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Con Con Is a Terrible Idea

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The mind-boggling amounts of the bailouts Congress has passed and is still debating, plus shocking Wall Street frauds, seem to have plunged some lawmakers into a silly season. Ohio state legislators this month held a surprise hearing on a resolution calling for a national constitutional convention, and then canceled a vote after dozens of citizens showed up to speak against it.

We already have a U.S. Constitution that has withstood the slings and arrows of outrageous fortune for more than two centuries, and we don't need a new constitution. There is nothing wrong with the one we have except that politicians are not obeying it and judges are indulging in too much activism.

The idea that adding new words to the Constitution to require balancing the federal budget, or to give President Barack Obama a line-item veto so he can veto the extravagant spending he has already endorsed, is delusional. The only thing more outlandish is the fanciful notion that a 2009 constitutional convention (colloquially known as a Con Con) could adopt such requirements while avoiding other mistakes.

The most influential players in any new Con Con would be Big Media, giving us round-the-clock television coverage. The 2008 presidential campaign proved that the media consider themselves actors in the political process, not merely reporters.

Outside of a Con Con hall, demonstrators would hold court demanding constitutional changes. These would be staged by gay activists and their opponents, pro-abortionists and pro-lifers, radical feminists, environmentalists, gun-control advocates, animal rights extremists, D.C. statehood agitators, those who want to relax immigration and those who would restrict it, mortgage defaulters and the unions -- all demanding consideration of amendments to recognize their claimed rights.

Article V requires Congress to call a new Constitutional Convention to consider "amendments" (note the plural) if two-thirds (34) of the states pass resolutions calling for it. There are no other rules in the Constitution or in federal law to list or limit a Con Con's purpose, procedure, agenda or election of delegates.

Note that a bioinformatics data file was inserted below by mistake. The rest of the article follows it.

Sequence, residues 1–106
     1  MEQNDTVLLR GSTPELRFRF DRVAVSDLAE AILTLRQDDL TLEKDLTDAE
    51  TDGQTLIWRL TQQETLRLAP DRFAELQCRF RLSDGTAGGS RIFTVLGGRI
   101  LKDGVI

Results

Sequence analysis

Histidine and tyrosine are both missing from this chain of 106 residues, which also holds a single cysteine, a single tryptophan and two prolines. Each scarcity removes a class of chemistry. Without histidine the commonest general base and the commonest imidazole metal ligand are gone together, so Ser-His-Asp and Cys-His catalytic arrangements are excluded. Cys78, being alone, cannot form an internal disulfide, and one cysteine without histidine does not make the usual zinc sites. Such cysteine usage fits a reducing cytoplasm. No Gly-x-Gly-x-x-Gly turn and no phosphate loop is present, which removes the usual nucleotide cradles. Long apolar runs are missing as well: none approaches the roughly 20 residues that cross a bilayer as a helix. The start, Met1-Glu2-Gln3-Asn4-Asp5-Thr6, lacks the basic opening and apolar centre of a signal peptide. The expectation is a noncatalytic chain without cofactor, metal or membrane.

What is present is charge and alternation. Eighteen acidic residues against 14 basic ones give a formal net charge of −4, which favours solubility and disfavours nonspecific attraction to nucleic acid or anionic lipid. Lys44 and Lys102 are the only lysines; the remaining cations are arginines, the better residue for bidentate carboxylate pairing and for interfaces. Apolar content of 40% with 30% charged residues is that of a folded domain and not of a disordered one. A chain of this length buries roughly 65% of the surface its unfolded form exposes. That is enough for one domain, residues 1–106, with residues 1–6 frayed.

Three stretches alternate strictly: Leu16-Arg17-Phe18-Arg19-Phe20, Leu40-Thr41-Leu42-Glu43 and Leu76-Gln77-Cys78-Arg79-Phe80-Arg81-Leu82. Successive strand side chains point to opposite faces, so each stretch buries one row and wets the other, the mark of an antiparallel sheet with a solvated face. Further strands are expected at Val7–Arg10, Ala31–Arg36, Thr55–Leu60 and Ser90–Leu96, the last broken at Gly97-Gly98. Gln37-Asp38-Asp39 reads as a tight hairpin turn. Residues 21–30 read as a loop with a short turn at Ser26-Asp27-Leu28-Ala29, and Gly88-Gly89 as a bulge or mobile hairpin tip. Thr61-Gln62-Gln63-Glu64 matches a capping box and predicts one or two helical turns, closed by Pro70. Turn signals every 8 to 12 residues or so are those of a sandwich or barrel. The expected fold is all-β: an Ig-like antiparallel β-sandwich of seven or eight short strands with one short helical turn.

The whole process would be a prescription for political chaos, controversy, confrontation, litigation and judicial activism. Just about the only thing we can predict with certainty is that it could not be secret from the media and the public, as was the original 1787 Constitutional Convention.

Many prestigious constitutional authorities say it is impossible for Congress or anyone else to restrict what a Con Con does. The late Chief Justice Warren Burger wrote, "There is no effective way to limit or muzzle the actions of a constitutional convention. After a convention is convened, it will be too late to stop the convention if we don't like its agenda."

Powerful and politically active pressure groups, from both the right and the left, are working for other significant constitutional changes, including changes in the First Amendment's treatment of religion, term limitation and modifying our separation of powers (which they call "gridlock") in order to move us toward a parliamentary form of government.

It is not credible that politically active groups would pass up the chance to force a Con Con to vote for their special interest. It's not believable that the powerful forces working to take away our right to own guns would overlook a golden opportunity to rescind the Second Amendment.

The confusion, uncertainty and court cases involved in a Con Con would make us look foolish in the eyes of the world. A constitutional convention could not be the formula to restore respect for our government when a Con Con would start off making the world wonder if our American system of government will survive.

There is no public support across America for a constitutional convention. A flurry of pro-Con Con activity during the Jimmy Carter administration died out. No state has passed a Con Con resolution in the last 25 years. During the 1980s, five states voted down a call for a Con Con, and three states repealed their earlier Con Con resolutions.

The miracle of our great United States Constitution is that it has lasted for 220 years, accommodating our great geographic and economic expansion and political problems, while preserving individual liberties. We are now witnessing, following November's election, how Americans are peacefully accepting a transfer of power from one party to the other.

I don't see any James Madisons, George Washingtons, Ben Franklins or Alexander Hamiltons around today who could do as good a job as was done in 1787, and I'm very concerned about the politicians who think they can improve on our Founding Fathers. Ohio state legislators will make themselves a national laughingstock if they persist in the foolish pursuit of a new constitutional convention.

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